Are you there God? It’s me, Yelp.

Having ended the work week last week with the tragic death of a young man from our community center, my weekend then started with the unfortunate death of my husband’s grandmother. While sad, this was no surprise; she was 96 years old, and had been in decline for the last 6 years. Nevertheless, much suckage all around.

Grandma’s wake was this past Monday, and the funeral this past Tuesday. The funeral was a slushy trip to the cemetery and a lovely lunch with close friends and family –  preceded, of course by a full Catholic mass. Now, I’m not a regular churchgoer, which I’ve explored previously [lapsed Catholic?], but have the utmost respect for those who do. I was thrown off by the new-fangled prayers, songs, and changes in the ritual that were instituted in 2011 (Vatican 2.5?), but I was able to follow along. However, the novelty of the New Mass, and even Grandma herself, were less prominent than the floor show to which we were treated:

The naughty altar boys.

Screen Shot 2015-03-05 at 12.08.01 AM

Image from “The Altar Boys: Sacrilege in the Sacristy” by T.G. Moriarty


We were never formally introduced, but they were thusly christened Dopey, Pokey, Giggles, Smirky, and Yawny. Throughout the mass, their mischievousness was a slow burn. In the beginning it was someone who wasn’t paying attention, or an unconcealed yawn. They began to pick up some steam during the sermon, with faces being made across the altar, sending others into fits of semi-suppressed, yet very audible laughter. My favorite was the impudent facemaker, who seemed to egg others on…and on.

Despite the sad circumstances, and otherwise reverent setting, my mind was focused on unholier-than-thou thoughts: Do churches have listings on Yelp? If so, would it be in poor taste to write up a nasty review on this particular one? Can I Yelp altar boys, or is there an age thing where it’s child abuse if I say anything bad to/about them? I’d certainly love to Yelp their parents, or at least their catechism teacher for doing a great job on teaching discipline and respect for the dead.

Is that even possible? Just how far does the power of Yelp extend? Would such an act result in smiting or excommunication? I’m not sure how I ever managed to sit, stand, and kneel in unison, because my mind was racing with very un-Christian thoughts of altar boys facing various fates filled with yelling (lots of yelling), embarrassing poopy-pants incidents, and very mean nuns.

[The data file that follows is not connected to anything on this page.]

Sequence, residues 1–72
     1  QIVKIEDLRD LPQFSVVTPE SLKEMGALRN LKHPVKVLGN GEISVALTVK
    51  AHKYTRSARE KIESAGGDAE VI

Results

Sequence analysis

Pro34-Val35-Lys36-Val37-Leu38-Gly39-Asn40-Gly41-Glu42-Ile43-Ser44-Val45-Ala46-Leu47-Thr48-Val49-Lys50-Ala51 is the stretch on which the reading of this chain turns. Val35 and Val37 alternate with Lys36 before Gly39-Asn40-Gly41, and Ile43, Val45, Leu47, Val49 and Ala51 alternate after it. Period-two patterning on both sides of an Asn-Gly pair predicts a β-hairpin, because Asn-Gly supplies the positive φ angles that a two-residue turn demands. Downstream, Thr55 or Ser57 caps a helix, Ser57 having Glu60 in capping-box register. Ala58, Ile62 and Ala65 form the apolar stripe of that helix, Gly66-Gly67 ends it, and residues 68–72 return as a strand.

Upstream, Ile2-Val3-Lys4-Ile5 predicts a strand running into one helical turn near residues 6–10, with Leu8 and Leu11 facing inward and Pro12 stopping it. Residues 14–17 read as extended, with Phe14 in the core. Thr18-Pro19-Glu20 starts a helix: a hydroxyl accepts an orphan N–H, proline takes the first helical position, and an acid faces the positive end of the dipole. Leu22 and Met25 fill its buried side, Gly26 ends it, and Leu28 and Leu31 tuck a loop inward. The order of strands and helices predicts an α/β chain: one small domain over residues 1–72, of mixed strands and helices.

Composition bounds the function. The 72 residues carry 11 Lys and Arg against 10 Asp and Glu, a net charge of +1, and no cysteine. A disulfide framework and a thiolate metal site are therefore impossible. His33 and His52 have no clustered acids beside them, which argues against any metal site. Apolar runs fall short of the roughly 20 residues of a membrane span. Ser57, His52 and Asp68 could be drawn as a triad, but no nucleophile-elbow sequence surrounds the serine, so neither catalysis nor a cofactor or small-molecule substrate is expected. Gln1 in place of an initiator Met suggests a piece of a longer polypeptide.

The mass came to a close. The funeral home attendants accompanied the casket out to the hearse, and the rest of us filed out in a somber procession behind it. The priest stood just inside the door, shaking peoples’ hands as they exited the church, the altar boys in formation somewhere behind him. As I made my way towards the exit, I debated first whether or not to shake the priest’s hand (surely, he’d be able to tell how unclean my thoughts were, and ask me why I didn’t take communion); mostly, I debated whether I should say something to the little turds.

As it turns out, my brother-in-law was a few people ahead of me, and I saw him stop to say something to the boys. From his expression, it didn’t seem like an angry exchange, but I wasn’t sure. Would he have chastised the boys for their impudence and disrespect? I don’t know him that well, but I’m fairly certain he took it easy on them, something more along the lines of “Listen guys, that wasn’t cool. You should be more respectful.” In those brief seconds I had left, I decided two things: 1) I wasn’t afraid of the priest; and 2) I had to say something to the priest or the boys that would simultaneously convey the seriousness of the situation and model appropriate Christian behavior.

And so it was set in motion:

Three steps forward: I shake the priest’s hand, and manage to say “Thank you, Father.”

Two steps past him: I slow my pace, and stage whisper to the boys (complete with finger wagging), “You’re all going to hell!” I don’t know if the priest heard me, but five sets of eyes bugged out and looked quickly away.

Ten steps forward: Bleak winter and somber setting be damned; I emerge into the sunshine, smiling. I don’t need the anonymity of no stinkin’ Yelp. I can exact my vengeance face-to-face.


As I write this, I laugh at the memory. I have to laugh, because tonight is our young man’s wake; tomorrow, his funeral. Winter is bleak, once more.


In recognition of the absurdity of it all….

“When Chekhov saw the long winter, he saw a winter bleak and dark and bereft of hope.
Yet we know that winter is just another step in the cycle of life.”
– Phil Connors [Bill Murray], Groundhog Day